The Oak Hills Church of Lucado

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It was a long time coming. Oak Hills “Church of Christ,” San Antonio, Texas, is no more. No, it did not close its doors (unfortunately). It will now be just “Oak Hills Church.” However, the name more accurately describing this religious body would be “Oak Hills Church of Lucado” (OHCL). The news has traveled rapidly since it appeared in a story in the San Antonio Express-News on September 6, 2003. In case some of our readers are unaware, this is the church that, over the previous fifteen years, had come under the total thrall of Max Lucado, renowned best-selling author of religious books. He is also a renowned (among those who are informed) theological liberal and false teacher.

My first reaction at this news was, “What took them so long?” Dropping Church of Christ from their name was the most natural and normal thing they could (and should) have done—long ago. It was also the only honest thing they could do regarding their identity. Given Lucado’s outrageously anti-Scriptural statements and behavior on numerous occasions spanning several years (easily documentable and widely known), this move was inevitable. They ceased being a church of Christ in any Scriptural sense years before. By hypocritically hanging on to Church of Christ as part of their name, they spent a long time deceiving and confusing a gullible public about what a church of Christ is.

While subtracting some words from their name, they were, however, adding some things to their worship activities—instruments of music. The report indicated that Oak Hills will begin a new Sunday evening worship hour—aimed at young adults—that would include instrumental music. This announcement should have surprised no one. On their Website (www.oakhillschurchofchrist.org) they have the following statement:

The use of instrumental accompaniment is not a doctrinal issue at Oak Hills, but it is part of our religious heritage that we have chosen to preserve. We continue to use a capella singing as our primary source of music for our worship assemblies.

The reader will note that the OHCL does not consider the use or non-use of instrumental music in worship a “doctrinal issue.” Its non-use is only a “tradition” in the “Church of Christ” (merely another denomination in their view), to be preserved or cast aside by the local powers that be. How magnanimous of them to have “chosen to preserve” this “part of our religious heritage” for this long! You can mark it down that the root of their apostasy (and of those on the same road with them) is not just introduction of the instrument. This is only the symptom. The spiritual disease is rebellion against the authority of Jesus Christ by rejection of His Word, His doctrine, His law. The eternal fate of all who persist in this course is not a matter of guesswork: “He that rejecteth me, and receiveth not my sayings, hath one that judgeth him: the word that I spake, the same shall judge him in the last day” (John 12:48).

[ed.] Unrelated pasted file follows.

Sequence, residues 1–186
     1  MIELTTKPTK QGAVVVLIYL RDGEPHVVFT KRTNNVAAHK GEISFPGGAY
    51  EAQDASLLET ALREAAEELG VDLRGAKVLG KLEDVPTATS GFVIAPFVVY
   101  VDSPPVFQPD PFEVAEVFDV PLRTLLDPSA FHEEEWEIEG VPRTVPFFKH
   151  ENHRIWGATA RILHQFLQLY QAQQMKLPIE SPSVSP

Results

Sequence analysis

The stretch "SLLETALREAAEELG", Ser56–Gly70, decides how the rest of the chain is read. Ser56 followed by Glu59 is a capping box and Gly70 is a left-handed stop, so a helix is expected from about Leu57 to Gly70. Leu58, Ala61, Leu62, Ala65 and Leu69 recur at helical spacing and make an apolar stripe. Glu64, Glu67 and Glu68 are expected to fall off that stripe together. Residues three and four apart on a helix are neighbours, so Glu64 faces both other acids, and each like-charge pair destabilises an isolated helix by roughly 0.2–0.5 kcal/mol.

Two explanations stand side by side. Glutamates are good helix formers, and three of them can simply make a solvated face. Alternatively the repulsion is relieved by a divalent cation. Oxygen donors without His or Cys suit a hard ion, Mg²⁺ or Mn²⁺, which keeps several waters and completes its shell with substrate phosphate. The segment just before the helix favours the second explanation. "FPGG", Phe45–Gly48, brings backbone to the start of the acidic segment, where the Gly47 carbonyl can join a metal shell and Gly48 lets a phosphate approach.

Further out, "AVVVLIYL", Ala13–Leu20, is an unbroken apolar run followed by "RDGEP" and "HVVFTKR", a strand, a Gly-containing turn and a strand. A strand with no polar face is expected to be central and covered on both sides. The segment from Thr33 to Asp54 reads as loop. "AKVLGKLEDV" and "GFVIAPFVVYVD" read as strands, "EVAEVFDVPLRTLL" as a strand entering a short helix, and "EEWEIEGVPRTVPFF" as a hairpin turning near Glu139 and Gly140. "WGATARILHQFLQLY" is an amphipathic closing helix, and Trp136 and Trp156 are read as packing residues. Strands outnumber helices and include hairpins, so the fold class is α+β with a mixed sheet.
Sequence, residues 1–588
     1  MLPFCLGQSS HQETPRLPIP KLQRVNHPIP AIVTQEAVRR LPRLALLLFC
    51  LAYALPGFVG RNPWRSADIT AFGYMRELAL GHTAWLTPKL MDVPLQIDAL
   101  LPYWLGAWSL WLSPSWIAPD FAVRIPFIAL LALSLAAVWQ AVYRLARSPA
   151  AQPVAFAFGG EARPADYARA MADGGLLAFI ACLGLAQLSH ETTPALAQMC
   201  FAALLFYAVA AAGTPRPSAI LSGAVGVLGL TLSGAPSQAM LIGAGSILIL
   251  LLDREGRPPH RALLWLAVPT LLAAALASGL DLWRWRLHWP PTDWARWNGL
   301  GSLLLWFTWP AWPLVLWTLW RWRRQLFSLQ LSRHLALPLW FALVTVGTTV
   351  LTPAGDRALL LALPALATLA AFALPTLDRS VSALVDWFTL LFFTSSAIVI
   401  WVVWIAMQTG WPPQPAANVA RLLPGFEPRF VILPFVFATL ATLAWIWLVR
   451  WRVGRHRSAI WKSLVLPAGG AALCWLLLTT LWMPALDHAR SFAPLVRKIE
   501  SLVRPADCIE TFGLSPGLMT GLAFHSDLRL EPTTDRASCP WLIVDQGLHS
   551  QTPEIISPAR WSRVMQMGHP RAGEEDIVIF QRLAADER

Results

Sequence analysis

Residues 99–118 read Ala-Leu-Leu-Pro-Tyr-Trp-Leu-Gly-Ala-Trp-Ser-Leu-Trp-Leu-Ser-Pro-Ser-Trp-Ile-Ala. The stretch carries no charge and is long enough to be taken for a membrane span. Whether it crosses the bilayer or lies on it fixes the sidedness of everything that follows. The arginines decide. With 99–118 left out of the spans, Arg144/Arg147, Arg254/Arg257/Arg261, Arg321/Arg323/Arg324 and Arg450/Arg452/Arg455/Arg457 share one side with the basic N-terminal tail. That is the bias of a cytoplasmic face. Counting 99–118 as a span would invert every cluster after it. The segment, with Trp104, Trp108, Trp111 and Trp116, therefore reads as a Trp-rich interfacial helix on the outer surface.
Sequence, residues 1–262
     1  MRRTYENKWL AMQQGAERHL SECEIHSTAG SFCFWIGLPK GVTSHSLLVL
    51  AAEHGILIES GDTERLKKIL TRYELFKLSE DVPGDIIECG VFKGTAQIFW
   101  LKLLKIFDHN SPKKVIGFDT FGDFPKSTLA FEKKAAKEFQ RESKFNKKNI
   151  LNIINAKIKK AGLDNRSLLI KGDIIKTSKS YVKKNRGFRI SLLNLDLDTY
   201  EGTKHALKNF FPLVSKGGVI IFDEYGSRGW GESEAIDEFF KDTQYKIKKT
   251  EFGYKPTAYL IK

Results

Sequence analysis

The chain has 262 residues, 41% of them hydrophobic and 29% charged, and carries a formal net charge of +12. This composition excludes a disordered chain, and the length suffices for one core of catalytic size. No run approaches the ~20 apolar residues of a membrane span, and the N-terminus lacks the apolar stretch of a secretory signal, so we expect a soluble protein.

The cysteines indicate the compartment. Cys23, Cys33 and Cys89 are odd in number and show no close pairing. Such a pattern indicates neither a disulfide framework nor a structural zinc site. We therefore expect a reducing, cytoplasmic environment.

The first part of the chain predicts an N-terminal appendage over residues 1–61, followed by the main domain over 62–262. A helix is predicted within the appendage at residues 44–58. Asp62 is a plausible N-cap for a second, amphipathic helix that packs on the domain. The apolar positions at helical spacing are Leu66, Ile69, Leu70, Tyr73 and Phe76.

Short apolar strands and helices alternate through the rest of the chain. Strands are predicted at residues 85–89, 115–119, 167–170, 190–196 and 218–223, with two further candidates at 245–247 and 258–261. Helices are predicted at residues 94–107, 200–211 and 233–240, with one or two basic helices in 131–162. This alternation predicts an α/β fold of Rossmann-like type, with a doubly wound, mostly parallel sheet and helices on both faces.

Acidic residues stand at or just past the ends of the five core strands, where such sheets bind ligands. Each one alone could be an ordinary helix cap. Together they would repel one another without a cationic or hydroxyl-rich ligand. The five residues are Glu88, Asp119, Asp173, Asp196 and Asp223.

The OHCL Website also carries the following note pertaining to fellowship:

We have chosen to emphasize what we have in common with other Christian groups rather than debate about our differences. We try to be “Christians only” and believe that no particular group is designated by God as “the only Christians.” We are non-denominational.

The choice they have made concerning fellowship is not one any of us has the right to make. Put these words in the mouth of our Lord and see just how ridiculous they are: “I have chosen to emphasize what I have in common with the scribes, Pharisees, Sadducees, chief priests, and lawyers, rather than debate about our differences.” They work no better with the Old Testament prophets or with John the baptizer, Peter, John, Stephen, or Paul. The apostles most certainly had no trouble believing and preaching that they and their “particular group” were “the only Christians.” It is both false humility and false doctrine to assert that others are Christians besides those whom the inspired writers identify as such. No, OHCL and its comrades-in-arms congregations are not “non-denominational;” they are all inter-denominational because they have, by their own departures, transformed themselves into denominational bodies. Again, with their history of disdain for New Testament authority, I ask: “What took them so long” to finally make the break?

The Express-News article’s lead paragraph reads:

Max Lucado hopes renaming his church, opening new campuses, and adding musical instruments to the worship service will help bring more people to Christ.